Mr. Speaker, I am pleased to rise in the House to speak to Bill C-232, An Act to amend the Supreme Court Act (understanding the official languages). The bill would create a requirement that all individuals appointed to the Supreme Court of Canada be able to understand the proceedings before them in both English and French without the aid of an interpreter.
Our government is committed to promoting the use of both official languages in Canadian society. Canada's bilingual nature is a fundamental aspect of our national identity. As Canadians, we pride ourselves in our country's bilingual institutions. This is particularly the case with respect to the Supreme Court of Canada, which plays a fundamental role in our democratic society as the ultimate guardian of the values enshrined in the Canadian Bill of Rights and Canadian Charter of Rights and Freedoms.
The Supreme Court's mission statement, as set out in its public website, is to serve Canadians by leading the development of common and civil law through its decisions on questions of public importance. In the context of this mission, the court has declared its commitment to the rule of law, independence and impartiality, and accessibility to justice.
There is no doubt that the judges of our Supreme Court faithfully pursue these important goals on a daily basis. Indeed, the court consistently provides all Canadians with the highest quality of justice they expect and deserve.
Hon. members are well aware that the Supreme Court of Canada is recognized nationally and internationally as a model of collegiality, professionalism and superior capacity. Canadians may take tremendous pride in the stature that our judges hold around the world.
In light of the important role of the Supreme Court, as the pinnacle of our justice system, the government's overriding consideration in the appointment of judges to the court is, and must continue to be, merit based on legal excellence and personal suitability. Bilingualism remains an important factor in the assessment of candidates considered among other factors, including proficiency in the law, judgment, honesty, integrity, fairness, work habits and social awareness.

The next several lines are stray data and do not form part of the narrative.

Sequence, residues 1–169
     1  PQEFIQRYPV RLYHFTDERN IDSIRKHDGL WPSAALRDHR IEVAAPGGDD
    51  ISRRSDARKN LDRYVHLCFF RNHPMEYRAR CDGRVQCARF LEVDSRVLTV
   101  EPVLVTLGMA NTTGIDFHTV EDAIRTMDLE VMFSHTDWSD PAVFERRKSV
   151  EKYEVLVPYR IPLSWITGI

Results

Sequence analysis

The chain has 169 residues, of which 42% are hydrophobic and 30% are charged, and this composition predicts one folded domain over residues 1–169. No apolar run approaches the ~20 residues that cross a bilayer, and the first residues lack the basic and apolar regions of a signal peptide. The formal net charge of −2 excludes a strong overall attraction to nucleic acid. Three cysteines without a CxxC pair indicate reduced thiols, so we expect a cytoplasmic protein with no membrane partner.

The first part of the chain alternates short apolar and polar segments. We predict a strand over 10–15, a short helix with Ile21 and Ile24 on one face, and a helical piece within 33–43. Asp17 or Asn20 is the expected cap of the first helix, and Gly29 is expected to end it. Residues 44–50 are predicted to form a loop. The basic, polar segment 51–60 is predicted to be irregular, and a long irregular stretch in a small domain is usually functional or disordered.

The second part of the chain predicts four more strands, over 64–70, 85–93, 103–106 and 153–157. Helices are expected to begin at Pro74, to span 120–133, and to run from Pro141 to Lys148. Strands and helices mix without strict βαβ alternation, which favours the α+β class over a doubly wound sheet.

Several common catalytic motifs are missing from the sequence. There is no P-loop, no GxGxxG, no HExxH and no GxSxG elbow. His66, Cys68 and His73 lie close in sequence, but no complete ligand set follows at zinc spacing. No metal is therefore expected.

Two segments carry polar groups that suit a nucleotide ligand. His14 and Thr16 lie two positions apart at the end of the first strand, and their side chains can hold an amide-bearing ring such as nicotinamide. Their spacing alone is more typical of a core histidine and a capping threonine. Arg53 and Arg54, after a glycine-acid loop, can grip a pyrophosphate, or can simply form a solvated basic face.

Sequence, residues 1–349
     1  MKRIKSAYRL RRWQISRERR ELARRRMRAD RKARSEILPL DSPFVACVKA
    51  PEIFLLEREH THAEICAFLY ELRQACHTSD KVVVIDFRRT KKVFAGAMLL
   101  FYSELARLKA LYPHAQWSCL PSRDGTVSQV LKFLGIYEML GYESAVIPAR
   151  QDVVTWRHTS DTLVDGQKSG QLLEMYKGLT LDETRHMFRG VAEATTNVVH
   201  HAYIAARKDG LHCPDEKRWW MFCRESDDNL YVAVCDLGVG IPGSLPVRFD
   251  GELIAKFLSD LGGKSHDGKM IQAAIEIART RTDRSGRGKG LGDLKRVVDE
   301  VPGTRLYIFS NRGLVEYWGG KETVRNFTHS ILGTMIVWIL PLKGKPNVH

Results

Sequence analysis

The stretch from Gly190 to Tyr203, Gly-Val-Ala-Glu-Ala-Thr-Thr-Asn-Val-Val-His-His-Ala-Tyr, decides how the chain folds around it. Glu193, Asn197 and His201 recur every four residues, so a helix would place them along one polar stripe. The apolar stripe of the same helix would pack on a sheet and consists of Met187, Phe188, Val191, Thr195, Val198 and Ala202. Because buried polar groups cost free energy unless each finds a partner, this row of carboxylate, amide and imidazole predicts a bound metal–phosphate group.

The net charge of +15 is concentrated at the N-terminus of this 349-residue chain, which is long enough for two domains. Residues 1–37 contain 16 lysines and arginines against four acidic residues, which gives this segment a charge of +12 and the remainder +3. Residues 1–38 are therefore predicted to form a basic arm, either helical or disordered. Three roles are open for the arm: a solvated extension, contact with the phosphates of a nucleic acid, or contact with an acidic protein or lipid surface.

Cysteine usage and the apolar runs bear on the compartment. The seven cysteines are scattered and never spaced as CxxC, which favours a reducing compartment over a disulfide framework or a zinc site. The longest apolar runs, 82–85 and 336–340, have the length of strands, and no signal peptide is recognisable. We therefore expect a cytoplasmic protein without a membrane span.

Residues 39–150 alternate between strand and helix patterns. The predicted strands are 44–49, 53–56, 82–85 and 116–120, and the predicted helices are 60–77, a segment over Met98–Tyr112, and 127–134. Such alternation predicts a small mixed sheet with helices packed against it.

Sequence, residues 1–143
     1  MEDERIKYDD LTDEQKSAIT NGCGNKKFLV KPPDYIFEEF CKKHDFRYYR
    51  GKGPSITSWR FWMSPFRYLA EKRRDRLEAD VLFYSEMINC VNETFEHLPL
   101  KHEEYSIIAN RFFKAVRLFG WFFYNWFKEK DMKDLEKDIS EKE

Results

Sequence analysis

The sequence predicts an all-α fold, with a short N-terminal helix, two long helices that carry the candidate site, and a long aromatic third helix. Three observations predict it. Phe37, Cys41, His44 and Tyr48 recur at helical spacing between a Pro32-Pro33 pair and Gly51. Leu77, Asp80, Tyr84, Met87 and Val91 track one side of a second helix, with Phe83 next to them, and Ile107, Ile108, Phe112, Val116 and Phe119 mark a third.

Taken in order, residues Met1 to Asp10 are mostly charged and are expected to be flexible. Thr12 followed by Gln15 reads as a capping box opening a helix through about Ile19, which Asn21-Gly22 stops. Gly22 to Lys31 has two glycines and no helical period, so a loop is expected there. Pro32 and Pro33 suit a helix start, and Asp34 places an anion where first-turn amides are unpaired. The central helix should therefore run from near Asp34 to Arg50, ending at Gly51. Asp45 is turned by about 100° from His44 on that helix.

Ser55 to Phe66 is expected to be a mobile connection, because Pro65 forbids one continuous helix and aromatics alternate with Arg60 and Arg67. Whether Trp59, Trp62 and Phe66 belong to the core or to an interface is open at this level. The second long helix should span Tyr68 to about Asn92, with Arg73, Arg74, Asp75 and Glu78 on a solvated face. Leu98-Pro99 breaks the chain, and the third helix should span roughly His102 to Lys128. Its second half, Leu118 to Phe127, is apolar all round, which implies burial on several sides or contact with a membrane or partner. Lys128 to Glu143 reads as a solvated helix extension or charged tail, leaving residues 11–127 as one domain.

The composition of the court, including a number of judges, is established by the Supreme Court Act, which provides that at least three of the justices must come from Quebec. As a matter of long-standing practice, the composition of the Supreme Court of Canada has reflected regional representation with the remaining judges appointed from Ontario, Atlantic Canada, the Prairies and British Colombia.
The practice of ensuring regional representation guarantees that the most qualified and deserving candidates across the country are appointed to the Supreme Court of Canada. Bill C-232 proposes to circumvent this exemption, which would in fact hinder regional representation to the court.
We must draw a distinction between institutional bilingualism and individual bilingualism. Institutional bilingualism is a fundamental and historic component of the government's responsibilities in ensuring that both official language communities can be served in either English or French. Individual bilingualism, which is improperly advocated by Bill C-232 as a requirement, would undermine that component.
Currently, the Supreme Court, as an institution, provides services of the highest quality in both official languages. The proposed amendment would make bilingualism a pre-condition to appointment. Given the extraordinary complexity and the importance of the cases heard by the court, this would require the highest level of linguistic capacity necessary for understanding the most refined and difficult judicial arguments, based on extensive factual evidence in both official languages.
There are subtleties of language that many of our best legal minds across Canada may not have fully mastered, and the stakes are high. Our most important rights hang in the balance. It is the government's position that the proposed amendment is not necessary to ensure access to the court in either official language.
The court provides all its services and communications in English and French. In addition, every individual who appears before the court is free to use either English or French in written and oral proceedings. The court's decisions are issued in English and French, thereby also contributing to a growing case of bilingual case law that is accessible to all Canadians and others worldwide.
The goal of ensuring the rights of Canadians to be heard and understood in the language of their choice is already being fully met by the court. The current composition requirements of the Supreme Court Act, together with the historical practice of regional representation, allow us to preserve our important commitment to legal pluralism, while at the same time ensuring that Canadians are served by judges of the highest distinction and ability. It has provided Canadians with a strong and independent judiciary that is the envy of free and democratic governments throughout the world.
The effect of Bill C-232 would be to have linguistic considerations override the central consideration of merit by reducing the pool of otherwise highly qualified candidates in some regions of the country where there may be fewer lawyers and judges capable of hearing a case in both official languages. We recognize that there must be sufficient linguistic capacity in our courts to provide equal access to justice in both English and French. The government has been and will remain vigilant in seeking competence in both official languages to achieve this goal.
Thus, bilingualism will remain an important criterion in the process of selecting judges to Canada's Supreme Court. However, such a factor should not eclipse the overruling consideration of merit and legal excellence in maintaining and nurturing the fairest justice system in the world.